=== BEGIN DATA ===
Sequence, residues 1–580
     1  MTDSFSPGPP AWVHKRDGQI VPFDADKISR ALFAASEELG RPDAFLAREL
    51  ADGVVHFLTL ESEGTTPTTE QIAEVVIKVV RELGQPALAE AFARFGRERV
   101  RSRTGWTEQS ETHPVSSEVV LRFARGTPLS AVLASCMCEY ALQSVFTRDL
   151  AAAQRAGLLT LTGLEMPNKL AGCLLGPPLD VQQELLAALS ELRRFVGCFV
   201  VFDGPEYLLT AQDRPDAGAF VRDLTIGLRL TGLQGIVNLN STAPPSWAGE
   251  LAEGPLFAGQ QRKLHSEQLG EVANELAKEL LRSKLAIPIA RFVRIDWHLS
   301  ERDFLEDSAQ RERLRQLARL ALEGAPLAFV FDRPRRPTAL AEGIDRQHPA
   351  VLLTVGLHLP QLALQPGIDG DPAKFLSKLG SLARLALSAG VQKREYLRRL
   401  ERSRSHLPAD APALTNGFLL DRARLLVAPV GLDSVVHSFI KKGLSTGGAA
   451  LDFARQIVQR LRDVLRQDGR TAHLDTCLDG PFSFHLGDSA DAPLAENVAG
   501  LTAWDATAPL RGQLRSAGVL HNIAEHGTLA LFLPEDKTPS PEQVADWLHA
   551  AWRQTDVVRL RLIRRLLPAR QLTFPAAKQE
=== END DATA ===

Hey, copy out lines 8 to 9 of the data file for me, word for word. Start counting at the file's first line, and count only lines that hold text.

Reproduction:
   301  ERDFLEDSAQ RERLRQLARL ALEGAPLAFV FDRPRRPTAL AEGIDRQHPA
   351  VLLTVGLHLP QLALQPGIDG DPAKFLSKLG SLARLALSAG VQKREYLRRL